It was warm that morning, with nary a cloud in the sky. It was the first weekend in August in the
We got to the put-in spot, inflated the raft, loaded it up with all of our gear – including a waterproof camera so we could document our adventure – and shoved off a little before 10 a.m., excited to finally be on our way. That feeling lasted. For all of 20 minutes.
It quickly became painfully evident that there was no way in hell the river was moving at 6 mph. Every once in a while, we would pick up a current that might be moving at 6 mph, but most of the time we’re slowly slipping downstream at about 2 mph. And it became clear that a trip we figured would take three hours or so is going to take a whole hell of a lot longer – oh yes, much longer.
It quickly became even more painfully evident that our seating arrangement left a lot to be desired. As in, the raft had no actual seats. Willy was trying to use the inflatable seat cushion. He was muttering under his breath. I was sitting in the middle of the raft on a cooler – a small cooler, maybe 10 inches tall with a top that was no bigger than 10x8 – that wobbled like a bitch and put my back in a most uncomfortable position as I tried to paddle. I began to cuss the cooler. I cussed it for the next seven hours. Finally, I took off my Coast Guard-approved orange, neck-holding, save-your-ass life vest and tried to sit on that on top of the cooler. Fuck it, they could fish my bloated body out of the river if I drowned. The life vest on top of the cooler worked fucktacularly. Son of a bitch.
A couple of miles into the trip, conversation sort of dried up. With railroad tracks on one side of the river and the bicyclist-used Katy Trail on the other, our chances of seeing anything other than a Canada goose and the occasional heron – like, a fucking bobcat or something similarly cool – were remote at best. We didn’t talk a lot, but we communicated very well in a passive-aggressive sort of way. Trying to keep the raft pointed straight downstream, I would paddle on the starboard side. Of course, that would make the raft point to port, whereupon Willy would dig his paddle into the river, turning the raft back to starboard. And I would paddle, starting the whole process all over again. It went on for all 15 miles. I’m just glad he didn’t smack me upside the head with his paddle like he did with a 2x4 back in our Oktoberfest, wine-drunk days in Hermann.
The sky was bright blue and baleful in the ever-increasing heat.
Except for the occasional “This sucks,” conversation was slow, but our drinking water was going fast – too fast. Being out in the middle of the river, with the sun beating on us, with the temperature steadily climbing as the day wore on, we were sucking water down at a furious rate.
I think I’m about to have a heat stroke, Willy said. Let’s find some shade.
So 300 or 400 yards down the river there was a place to pull off that had trees close to the water and enough shade to work. Willy looked bad, and his breathing came in pants and gasps – and not the good kind. I’m about to die, he said. We beached the raft, Willy hopped out and into the water he went.
There’s a reason the
It might have saved Willy’s life.
But it didn’t keep Willy from getting a nasty nosebleed. After dunking himself for the third or fourth time, he emerged from the water with blood streaming from his nose, turning his moustache and scraggly beard a bright red. It was worse than the time he punched me in the face and broke my nose when we lived together in college (at the Chateau Regency trailer park, window closing in winter not included), and I bled like a stuck hog when that happened. Somehow Willy got his nose faucet under control and we shoved off again, still so many miles from Cooper’s Landing.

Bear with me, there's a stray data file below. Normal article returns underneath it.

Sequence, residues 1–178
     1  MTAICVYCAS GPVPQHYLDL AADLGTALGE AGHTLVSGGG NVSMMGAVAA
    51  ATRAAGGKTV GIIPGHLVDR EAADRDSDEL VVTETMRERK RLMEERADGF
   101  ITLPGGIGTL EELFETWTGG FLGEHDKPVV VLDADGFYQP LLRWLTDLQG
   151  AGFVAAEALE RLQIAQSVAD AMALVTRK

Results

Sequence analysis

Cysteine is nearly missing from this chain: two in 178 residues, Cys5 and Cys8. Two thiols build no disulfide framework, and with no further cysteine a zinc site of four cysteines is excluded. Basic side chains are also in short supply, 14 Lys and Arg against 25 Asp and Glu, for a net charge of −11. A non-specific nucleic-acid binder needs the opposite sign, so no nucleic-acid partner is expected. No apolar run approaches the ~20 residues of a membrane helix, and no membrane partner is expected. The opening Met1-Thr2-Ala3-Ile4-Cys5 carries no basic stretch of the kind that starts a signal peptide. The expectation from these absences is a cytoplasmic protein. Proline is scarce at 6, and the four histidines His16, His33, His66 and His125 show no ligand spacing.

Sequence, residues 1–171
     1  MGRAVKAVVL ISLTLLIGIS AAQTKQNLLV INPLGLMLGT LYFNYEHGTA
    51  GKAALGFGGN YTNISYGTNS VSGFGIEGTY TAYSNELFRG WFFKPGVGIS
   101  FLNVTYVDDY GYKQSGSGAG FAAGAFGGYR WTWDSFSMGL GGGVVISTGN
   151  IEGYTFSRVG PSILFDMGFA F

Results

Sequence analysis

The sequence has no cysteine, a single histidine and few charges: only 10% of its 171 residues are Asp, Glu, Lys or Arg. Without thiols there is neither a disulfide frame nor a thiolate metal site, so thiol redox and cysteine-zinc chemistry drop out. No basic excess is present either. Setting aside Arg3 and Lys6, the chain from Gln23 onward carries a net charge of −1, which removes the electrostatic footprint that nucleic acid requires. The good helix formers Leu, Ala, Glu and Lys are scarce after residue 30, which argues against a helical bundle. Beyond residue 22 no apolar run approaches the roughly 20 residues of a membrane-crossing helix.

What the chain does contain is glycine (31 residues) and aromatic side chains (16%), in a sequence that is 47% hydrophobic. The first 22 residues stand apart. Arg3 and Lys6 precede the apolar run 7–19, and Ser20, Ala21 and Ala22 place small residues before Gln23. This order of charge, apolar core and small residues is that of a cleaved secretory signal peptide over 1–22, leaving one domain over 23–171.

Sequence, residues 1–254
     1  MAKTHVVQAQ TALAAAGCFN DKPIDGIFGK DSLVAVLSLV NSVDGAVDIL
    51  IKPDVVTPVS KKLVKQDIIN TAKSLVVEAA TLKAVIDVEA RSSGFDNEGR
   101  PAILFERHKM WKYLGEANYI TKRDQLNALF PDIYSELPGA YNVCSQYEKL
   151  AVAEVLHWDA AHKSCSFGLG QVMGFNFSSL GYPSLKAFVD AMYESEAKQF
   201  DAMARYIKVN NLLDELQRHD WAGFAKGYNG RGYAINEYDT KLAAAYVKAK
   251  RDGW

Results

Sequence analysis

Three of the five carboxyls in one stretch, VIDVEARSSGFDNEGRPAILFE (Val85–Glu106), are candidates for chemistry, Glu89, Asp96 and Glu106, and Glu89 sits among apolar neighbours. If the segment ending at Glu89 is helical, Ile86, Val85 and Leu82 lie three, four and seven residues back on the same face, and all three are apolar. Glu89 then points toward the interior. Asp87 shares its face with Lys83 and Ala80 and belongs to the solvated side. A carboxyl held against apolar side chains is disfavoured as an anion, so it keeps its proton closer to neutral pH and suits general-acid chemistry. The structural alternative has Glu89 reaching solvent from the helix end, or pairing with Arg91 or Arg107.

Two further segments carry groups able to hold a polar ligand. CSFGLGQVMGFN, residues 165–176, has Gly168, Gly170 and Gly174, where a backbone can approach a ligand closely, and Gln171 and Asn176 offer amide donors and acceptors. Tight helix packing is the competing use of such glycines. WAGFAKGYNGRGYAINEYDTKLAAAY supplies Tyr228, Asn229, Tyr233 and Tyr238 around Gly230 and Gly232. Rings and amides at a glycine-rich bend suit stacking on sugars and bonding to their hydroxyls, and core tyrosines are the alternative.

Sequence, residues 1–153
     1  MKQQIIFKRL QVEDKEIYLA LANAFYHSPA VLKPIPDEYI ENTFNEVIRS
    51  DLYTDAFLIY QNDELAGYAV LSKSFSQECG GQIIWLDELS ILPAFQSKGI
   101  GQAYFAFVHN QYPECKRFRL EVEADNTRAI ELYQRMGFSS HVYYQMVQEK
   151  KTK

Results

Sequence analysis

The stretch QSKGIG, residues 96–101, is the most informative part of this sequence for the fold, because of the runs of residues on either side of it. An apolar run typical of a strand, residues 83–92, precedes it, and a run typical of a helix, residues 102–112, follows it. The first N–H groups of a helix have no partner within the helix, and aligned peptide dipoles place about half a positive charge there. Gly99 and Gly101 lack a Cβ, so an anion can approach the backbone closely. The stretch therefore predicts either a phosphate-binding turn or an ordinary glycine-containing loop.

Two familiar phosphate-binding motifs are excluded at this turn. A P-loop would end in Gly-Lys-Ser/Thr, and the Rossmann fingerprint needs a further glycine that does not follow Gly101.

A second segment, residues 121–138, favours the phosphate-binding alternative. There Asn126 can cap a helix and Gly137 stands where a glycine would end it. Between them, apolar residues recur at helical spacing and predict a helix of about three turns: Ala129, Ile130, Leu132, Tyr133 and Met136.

I was damn near dead, Willy said.
I began to wish I was drunk.
I began to wish I was stoned.
I began to wish I had dropped two windowpanes of acid and had no idea what was going on. There’s no way in hell the trip could have been any worse if I had been completely fucked up.
God damn, it was hot.
I will NEVER fucking do this again, I said.
Time didn’t cease to exist, but it might as well have. The final five hours of the trip were filled with the ungodly, never-ending heat, the slow-moving raft that wouldn’t stay straight, the ever-decreasing supply of drinking water, the monotony of the passing landscape, the envious looks we gave people who roared past us in boats with actual, you know, motors, the slow tick of the mile markers along the river, the regret, the regret, the regret.
I had fever dreams of teleportation, wishing that Scotty could beam me the fuck out of there, into my air-conditioned apartment with a beer in one hand and the TV remote in the other.
The torture of the trip made us slack-jawed and nearly catatonic. It was all-consuming, the whole of our world. That motherfucker Sisyphus had nothing on us.
Finally the river began a slow bend to the east. At the far horizon, probably another two miles away, there it sat as just a speck of white on the bank: Cooper’s Landing. It briefly raised our spirits. It didn’t last. Because being able to see it, to have the end of our trip in sight, made it seem as if the river was moving even slower than ever. Cooper’s Landing stayed the same size on the horizon for a long, long time.
An hour later, we made it to Cooper’s Landing. We crawled out of the raft and staggered up to Cooper’s store – his shady, air-conditioned store. Sweet Jesus, we were both damn near dead. We bought Gatorade and sucked it down.
For a long time we hung out in the air conditioning, sitting on bar stools inside the store, sipping another bottle of Gatorade, not talking much as Cooper sat behind the counter watching TV, happy to have taken the worst sober trip of our lives and lived to tell the tale, able to say, forcefully and with conviction: I will never fucking do that again.
Till next time,
January 1, 2007
Revised edition: January 27, 2007